Australia 14

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BIOGRAPHICAL INFORMATION

AGE: 47

DATE OF BIRTH (DD/MM/YYYY): 1955

PLACE OF BIRTH: Terang, Victoria

GENDER: female

ETHNICITY: Caucasian (Anglo-Australian)

OCCUPATION: ESL teacher

EDUCATION: post-graduate work

AREA(S) OF RESIDENCE OUTSIDE REPRESENTATIVE REGION FOR LONGER THAN SIX MONTHS: N/A

OTHER INFLUENCES ON SPEECH:

She attended a boarding school in Geelong that put a lot of emphasis on cultivated speech.

The text used in our recordings of scripted speech can be found by clicking here.

RECORDED BY: Geraldine Cook

DATE OF RECORDING (DD/MM/YYYY): 13/05/2002

PHONETIC TRANSCRIPTION OF SCRIPTED SPEECH: N/A

TRANSCRIBED BY: N/A

DATE OF TRANSCRIPTION (DD/MM/YYYY): N/A

ORTHOGRAPHIC TRANSCRIPTION OF UNSCRIPTED SPEECH:

I grew up on a farm in country Victoria, uh, and lived there till I was 11.  And then I went to boarding school in Geelong.  I suppose one of the things that I can see about my childhood, if you’re talking about the influences on, on me and my, and my speaking voice, is that my mother was not a farm person.  She wasn’t from the country, and she grew up in Adelaide and she was always very particular.  But my father, who was a country person, had such an ability to adjust so he would … here’s an example: He would spend the day with the stock and station agent, come to check some rams or some sheep or something for sale, and he’d come in at lunchtime and tell my mother, “Oh well, they’re coming next Tuesday [pronounced TYOOZ-dee] and they’re collecting them.”  And my mother would be furious!  How could he say this?  “It’s Tuesday, [pronounced TYOOZ-DAY] John.”  And he always maintained that you speak and you keep pace with the people you’re with and you fit in with them.  But she was always very particular, so I remember that.  But she had a, she had a very good speaking voice, so I suppose that had some influence.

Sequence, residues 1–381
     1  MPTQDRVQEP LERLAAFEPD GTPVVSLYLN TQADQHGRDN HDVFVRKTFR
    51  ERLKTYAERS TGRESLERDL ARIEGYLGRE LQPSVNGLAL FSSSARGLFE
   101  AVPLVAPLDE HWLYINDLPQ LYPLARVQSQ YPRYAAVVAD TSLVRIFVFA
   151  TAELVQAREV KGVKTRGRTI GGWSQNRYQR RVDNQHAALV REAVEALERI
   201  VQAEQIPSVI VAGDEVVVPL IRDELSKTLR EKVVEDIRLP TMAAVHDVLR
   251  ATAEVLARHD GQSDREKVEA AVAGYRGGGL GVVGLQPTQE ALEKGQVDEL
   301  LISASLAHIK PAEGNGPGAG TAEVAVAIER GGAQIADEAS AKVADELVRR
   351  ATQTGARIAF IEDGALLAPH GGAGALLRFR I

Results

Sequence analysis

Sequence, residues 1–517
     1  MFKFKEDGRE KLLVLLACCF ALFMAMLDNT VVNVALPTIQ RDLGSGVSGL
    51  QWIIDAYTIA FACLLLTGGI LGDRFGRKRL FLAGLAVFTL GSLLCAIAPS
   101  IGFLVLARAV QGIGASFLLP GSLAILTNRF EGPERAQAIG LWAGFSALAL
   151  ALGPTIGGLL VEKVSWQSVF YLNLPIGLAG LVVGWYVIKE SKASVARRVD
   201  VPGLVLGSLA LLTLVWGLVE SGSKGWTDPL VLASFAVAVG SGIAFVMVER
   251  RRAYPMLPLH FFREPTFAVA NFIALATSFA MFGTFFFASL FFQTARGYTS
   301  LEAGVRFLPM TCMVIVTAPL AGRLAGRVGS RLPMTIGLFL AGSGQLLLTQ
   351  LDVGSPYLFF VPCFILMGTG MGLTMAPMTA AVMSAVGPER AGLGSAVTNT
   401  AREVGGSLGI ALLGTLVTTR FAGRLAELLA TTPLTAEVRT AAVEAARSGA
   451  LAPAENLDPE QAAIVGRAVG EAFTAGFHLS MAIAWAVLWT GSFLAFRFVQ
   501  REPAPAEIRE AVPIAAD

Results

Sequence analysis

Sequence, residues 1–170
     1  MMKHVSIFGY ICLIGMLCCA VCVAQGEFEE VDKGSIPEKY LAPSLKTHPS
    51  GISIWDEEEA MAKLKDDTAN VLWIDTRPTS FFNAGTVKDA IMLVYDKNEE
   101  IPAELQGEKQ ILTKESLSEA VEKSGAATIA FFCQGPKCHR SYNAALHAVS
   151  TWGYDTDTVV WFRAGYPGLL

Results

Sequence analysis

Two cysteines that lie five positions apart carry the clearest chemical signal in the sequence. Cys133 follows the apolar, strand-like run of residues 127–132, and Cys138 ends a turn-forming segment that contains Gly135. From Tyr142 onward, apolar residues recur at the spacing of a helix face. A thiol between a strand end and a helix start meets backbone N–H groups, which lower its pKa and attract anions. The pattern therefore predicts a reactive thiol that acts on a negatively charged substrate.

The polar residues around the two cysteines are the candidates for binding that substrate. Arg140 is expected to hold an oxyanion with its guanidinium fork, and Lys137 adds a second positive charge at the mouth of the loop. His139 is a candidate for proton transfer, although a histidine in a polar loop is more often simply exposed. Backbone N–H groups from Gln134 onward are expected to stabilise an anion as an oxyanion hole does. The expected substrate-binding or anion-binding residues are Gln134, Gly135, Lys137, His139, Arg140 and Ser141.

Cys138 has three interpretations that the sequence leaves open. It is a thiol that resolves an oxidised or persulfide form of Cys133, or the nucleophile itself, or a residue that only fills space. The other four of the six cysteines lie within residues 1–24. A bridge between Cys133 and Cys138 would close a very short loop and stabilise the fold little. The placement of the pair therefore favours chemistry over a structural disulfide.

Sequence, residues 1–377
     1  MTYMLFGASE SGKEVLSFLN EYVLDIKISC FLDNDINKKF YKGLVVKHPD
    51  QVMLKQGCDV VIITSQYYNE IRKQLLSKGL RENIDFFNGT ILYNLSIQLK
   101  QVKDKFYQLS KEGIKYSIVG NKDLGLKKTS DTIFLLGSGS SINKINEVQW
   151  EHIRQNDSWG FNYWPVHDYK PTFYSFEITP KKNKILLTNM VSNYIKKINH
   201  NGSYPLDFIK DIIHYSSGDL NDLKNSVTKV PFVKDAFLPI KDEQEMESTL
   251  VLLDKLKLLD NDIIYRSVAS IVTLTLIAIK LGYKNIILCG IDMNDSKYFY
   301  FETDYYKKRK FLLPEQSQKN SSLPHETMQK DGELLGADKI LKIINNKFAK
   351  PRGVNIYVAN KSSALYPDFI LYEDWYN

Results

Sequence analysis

TRANSCRIBED BY: Lynn Baker

DATE OF TRANSCRIPTION (DD/MM/YYYY): 01/04/2008

PHONETIC TRANSCRIPTION OF UNSCRIPTED SPEECH: N/A

TRANSCRIBED BY: N/A

DATE OF TRANSCRIPTION (DD/MM/YYYY): N/A

SCHOLARLY COMMENTARY:

This speaker has a fairly consistent cultivated or educated Australian dialect. She teaches English to migrants, and this may have contributed to her more pronounced way of speaking, although she told me that her private school put a lot of emphasis on speaking well. She speaks about her upbringing in county Victoria in the unscripted part of her talk, as well as the influence her school had on her speech.

COMMENTARY BY: Geraldine Cook

DATE OF COMMENTARY (DD/MM/YYYY): 13/05/2002

The archive provides:

  • Recordings of accent/dialect speakers from the region you select.
  • Text of the speakers’ biographical details.
  • Scholarly commentary and analysis in some cases.
  • In most cases, an orthographic transcription of the speakers’ unscripted speech.  In a small number of cases, you will also find a narrow phonetic transcription of the sample (see Phonetic Transcriptions for a complete list).  The recordings average four minutes in length and feature both the reading of one of two standard passages, and some unscripted speech. The two passages are Comma Gets a Cure (currently our standard passage) and The Rainbow Passage (used in our earliest recordings).

 

For instructional materials or coaching in the accents and dialects represented here, please go to Other Dialect Services.